This is a thought experiment.
According to the US Department of Education (reported in wikipedia), the University of Minnesota has (Fall 2013) 63,929 students, ranking 19th in the US. Of course, many of those larger schools are for-profit, non-residential, cater to part-time students, or college systems. Among “peers”, (land-grantish research schools) larger schools include Arizona State, Central Florida, Ohio State, and Maryland.
Alternatively, the Twin Cities campus is the 9th largest public university in the US by enrollment, with 48,308 students (undergraduate about 34,500), falling several places, and several thousand students from 2009, when it was 4th.
But US universities are pikers compared to some others in the world. The National Autonomous University of Mexico has over 324,000 students. The University of Paris has XIII parts, which collectively have about 330,000 students.
There are numerous economies of scale to be had from a larger school (i.e. costs rise sub-linearly with the number of students because the delivery of education has a large fixed cost component like buildings and chairs and lectures and software and administration), and the evidence about quality of education with size of school (and even to an extent size of classes) is mixed (though everyone seems to like smaller classes better). (The evidence about student satisfaction tends to favor small elite liberal arts schools with a lot of hand-holding, land grants like the University of Minnesota will never compete in that market). These economies of scale should lower per pupil costs. Rankings like US News favor small class sizes, but also favor large universities.
Clearly the University of Minnesota rejects more students than it accepts (it has a 44% acceptance rate). If it just one year raised that to 88% several things would happen. First there would be more students (though it is not clear enrollees would double, more than double, or less than double, since rejected students might be more or less likely). Second, because it lost some of its exclusivity, fewer top tier students would apply. Many faculty would similarly find alternatives – not wanting to deal with the headaches twice as many students brings, though I imagine teaching slots would be filled with the glut of PhDs on the market in most fields. Class sizes would undoubtedly increase, but more classes could be offered. [After World War II, Georgia Tech, which saw an influx of GIs, expanded its night school, so that there would be a full second shift of courses]. Yet the quality of the University would on average drop.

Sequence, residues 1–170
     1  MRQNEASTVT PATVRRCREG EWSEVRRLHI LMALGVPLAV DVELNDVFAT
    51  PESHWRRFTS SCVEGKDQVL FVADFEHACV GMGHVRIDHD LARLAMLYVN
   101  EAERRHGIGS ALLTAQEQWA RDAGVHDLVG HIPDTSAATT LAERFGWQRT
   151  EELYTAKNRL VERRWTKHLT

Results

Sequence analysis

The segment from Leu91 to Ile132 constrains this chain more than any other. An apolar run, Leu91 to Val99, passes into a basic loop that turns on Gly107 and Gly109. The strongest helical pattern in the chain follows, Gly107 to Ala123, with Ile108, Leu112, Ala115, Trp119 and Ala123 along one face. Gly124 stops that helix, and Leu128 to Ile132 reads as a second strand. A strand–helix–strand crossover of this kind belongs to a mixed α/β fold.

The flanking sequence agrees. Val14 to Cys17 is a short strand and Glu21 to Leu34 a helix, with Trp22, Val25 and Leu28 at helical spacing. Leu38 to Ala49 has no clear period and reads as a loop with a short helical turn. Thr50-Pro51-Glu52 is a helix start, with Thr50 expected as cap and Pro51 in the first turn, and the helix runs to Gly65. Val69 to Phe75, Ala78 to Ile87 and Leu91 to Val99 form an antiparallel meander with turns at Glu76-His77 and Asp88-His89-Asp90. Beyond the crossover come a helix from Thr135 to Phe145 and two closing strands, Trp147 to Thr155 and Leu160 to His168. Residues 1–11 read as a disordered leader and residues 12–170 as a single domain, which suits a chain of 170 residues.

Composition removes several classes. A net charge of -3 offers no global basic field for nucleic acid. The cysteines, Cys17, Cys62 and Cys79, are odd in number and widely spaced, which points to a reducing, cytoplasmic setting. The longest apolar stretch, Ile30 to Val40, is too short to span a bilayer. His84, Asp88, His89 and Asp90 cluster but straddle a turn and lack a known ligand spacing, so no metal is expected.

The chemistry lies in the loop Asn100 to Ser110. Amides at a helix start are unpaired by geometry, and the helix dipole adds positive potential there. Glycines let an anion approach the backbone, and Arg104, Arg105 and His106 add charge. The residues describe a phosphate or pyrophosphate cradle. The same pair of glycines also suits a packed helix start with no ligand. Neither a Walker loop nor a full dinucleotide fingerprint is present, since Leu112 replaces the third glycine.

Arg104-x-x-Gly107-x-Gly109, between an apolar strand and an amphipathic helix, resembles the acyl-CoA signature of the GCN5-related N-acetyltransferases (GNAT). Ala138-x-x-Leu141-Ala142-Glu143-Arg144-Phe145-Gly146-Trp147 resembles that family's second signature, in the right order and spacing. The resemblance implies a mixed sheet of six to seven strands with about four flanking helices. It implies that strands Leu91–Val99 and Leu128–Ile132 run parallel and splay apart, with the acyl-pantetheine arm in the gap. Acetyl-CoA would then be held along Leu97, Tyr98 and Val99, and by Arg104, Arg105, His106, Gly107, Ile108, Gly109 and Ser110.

Trends working in the opposite direction of increasing campus size include MOOCs, encouraging more online, distance learning. Getting those to work well has been difficult, and they are yet to be mainstream. Moreover a seldom-stated purpose of university, keeping students out of the labor market and in a semi-protected environment between home and the harsh cruel world cannot be accommodated with MOOCs. Demographics also move against rapidly expanding university size overall. However any one university should be able to increase market share, both with domestic and international students. Another purpose of university, providing a mixing bowl for organization of individuals into groups and couples, requires in-person attendance.
However if this were done more gradually but intentionally, with an aim of attracting more and better students, it should be possible to grow the campus to 100,000 over a decade or two.
From a physical perspective, the campus has significant room to grow, especially to the northeast, but also infill and intensification to the southeast, north, and on West Bank. Even more growth is possible on the St. Paul campus, which abuts the largely underutilized State Fair Grounds.
My guess is doubling enrollment would require far less then twice as much new classroom space, about a doubling of dorm and residential space, a bit less than doubling of graduate student offices and labs and faculty offices – less assuming many of the new teaching responsibilities would be borne by adjuncts rather than regular faculty.
Around campus, business would boom. New apartments, with ground floor retail and restaurants would fill in any of the empty parcels of Stadium Village and Dinkytown and West Bank.
Transit ridership to campus would more than double, since the capacity for cars on campus would decrease significantly (all those new buildings will use up surface parking lots, reason itself to support an expansion, pedagogy be damned) while total travel demand in terms of trips to campus rose.
Such a change would challenge Boston’s 250,000 students (not sure how this was calculated, must be “Greater Boston”) as the lead college town in the US. According to city-data, Boston’s college population is 14.6% of the total. The City of Minneapolis has 11.3%, near the top for large cities. Increasing enrollment by 50,000 students would increase the share of the City’s population in college by up to 12% (depending on where they lived, the maximum assumes they all live in Minneapolis proper), putting Minneapolis at about 23%. Clearly much of Boston’s attractiveness to college students is the surfeit of students already there. We don’t really operate in that league here yet.
If we think of college as a temporal port, just as immigrants from Europe used to land mostly in New York, and occasionally disperse from there, immigrants from youth land in college, and disperse slowly from that point. This should greatly increase innovation, as the region’s engine of growth scaled up and the region attracted boatloads of Generation Z/Post-Millennials to its lake shores.
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